Disability and Durham Workers’ Compensation
If you were injured on the job, it is important to understand what constitutes a disability for Durham workers’ compensation. However, after an accident, you might be worried about your recovery and confused with how to proceed.
However, a compassionate lawyer familiar with the compensation system might be able to help. By assessing your circumstances and explaining your rights, a legal professional could help to guide you through each step of the claims process as you pursue benefits.
How is a Disability Defined for Workers’ Compensation Benefits?
As defined by Durham employment law, a condition is considered to be a disability when a doctor believes that there are work restrictions that have to be assigned and that the injured worker could no longer return to any type of suitable employment. If this has occurred, the individual would most likely be considered disabled. However, there are multiple types of disabilities within the realm of workers’ compensation, including temporary partial and temporary total disabilities, as well as more permanent conditions.
Temporary Partial Disabilities
A temporary partial disability (TPD) is a situation where an injured worker is able to return to some of their work but, either by virtue of the amount of hours or pay they are given, is less than their pre-injury wages. Under these circumstances, the worker’s insurance company or employer might pay the difference between the pre-injury wages and the current wages through workers’ compensation. So, this discrepancy of wages and subsequent payment is known as a temporary partial disability.
Temporary Total Disabilities
Temporary total disabilities, on the other hand, is when a doctor restricts an injured worker from returning to work. These injuries are often severe, including back injuries, broken bones, and damage to the head. Like a TPD, a temporary total disability payment through workers’ compensation might help a worker maintain some form of financial stability while they recover.
What Happens if a Disability is Permanent?
In the event that a person’s disability permanently renders them unable to work, they might be able to receive temporary total disability benefits (TTD) for up to nine and a half years or 500 weeks. During this time, the insurance company might choose to put the worker through vocational rehabilitation to see if there is some form of gainful employment that they might be able to do. Alternatively, the injured worker could potentially settle their case directly with the insurance company. No matter the circumstances, it might prove beneficial to reach out to an attorney for help.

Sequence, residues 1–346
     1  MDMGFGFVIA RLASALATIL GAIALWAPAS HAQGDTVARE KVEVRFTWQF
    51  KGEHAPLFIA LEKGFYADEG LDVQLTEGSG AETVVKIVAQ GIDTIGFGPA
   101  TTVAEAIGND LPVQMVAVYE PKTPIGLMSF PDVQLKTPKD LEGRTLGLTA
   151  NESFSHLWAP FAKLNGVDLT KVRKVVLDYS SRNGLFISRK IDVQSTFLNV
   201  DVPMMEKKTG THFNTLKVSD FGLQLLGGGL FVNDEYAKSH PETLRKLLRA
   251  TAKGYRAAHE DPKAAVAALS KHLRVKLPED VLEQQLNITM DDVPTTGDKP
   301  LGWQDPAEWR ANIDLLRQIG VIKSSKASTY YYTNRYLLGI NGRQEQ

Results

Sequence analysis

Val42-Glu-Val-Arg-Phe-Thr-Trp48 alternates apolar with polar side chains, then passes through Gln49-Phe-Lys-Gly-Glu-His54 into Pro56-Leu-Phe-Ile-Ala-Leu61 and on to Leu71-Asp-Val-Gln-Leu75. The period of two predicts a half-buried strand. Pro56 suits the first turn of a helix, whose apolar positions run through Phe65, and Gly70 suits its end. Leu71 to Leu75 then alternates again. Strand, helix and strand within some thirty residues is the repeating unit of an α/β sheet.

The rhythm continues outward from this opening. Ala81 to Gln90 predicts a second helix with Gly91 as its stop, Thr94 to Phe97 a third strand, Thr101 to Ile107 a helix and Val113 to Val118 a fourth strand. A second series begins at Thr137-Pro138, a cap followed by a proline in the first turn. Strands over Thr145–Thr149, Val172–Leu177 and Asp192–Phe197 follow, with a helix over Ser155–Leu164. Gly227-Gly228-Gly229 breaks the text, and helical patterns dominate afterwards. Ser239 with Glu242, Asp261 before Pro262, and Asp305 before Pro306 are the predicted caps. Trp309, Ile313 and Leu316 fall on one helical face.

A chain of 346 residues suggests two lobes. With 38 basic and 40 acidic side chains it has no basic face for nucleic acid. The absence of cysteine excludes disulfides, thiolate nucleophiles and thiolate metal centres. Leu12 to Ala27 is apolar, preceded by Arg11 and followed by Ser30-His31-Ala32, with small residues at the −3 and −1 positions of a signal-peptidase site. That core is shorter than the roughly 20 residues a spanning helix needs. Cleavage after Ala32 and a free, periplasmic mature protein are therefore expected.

A permanent partial disability is a condition where a portion of a person’s body is no longer functional. Depending on the circumstances, this percentage of disability might be distributed as five, ten, 15, or 20 percent of a person’s body. Based on the percentage of this disability, the injured worker might be able to receive proportionate payment. In many cases, however, they could not receive both PPD ratings and TPD benefits. Many times, they must choose between one or the other.
Workers’ Comp and State Disability
State disability and workers’ compensation are related, except the former is for state employees only. Essentially, if the state employee has vested benefits with the state and has a significant workers’ compensation claim, there might be numerous benefits to settling the case. However, because these laws are nuanced and complex, it is often recommended to consult with a well-versed lawyer before deciding how to proceed.
How a Lawyer Might Help With a Disability and Durham Workers’ Compensation Claim
After an on-the-job injury in Durham, you might be looking to pursue benefits through a workers’ compensation claim. However, understanding how disabilities are categorized and considered for a claim could be essential for both how you pursue a claim, and whether or not you receive benefits. To learn more, schedule a consultation with a seasoned lawyer.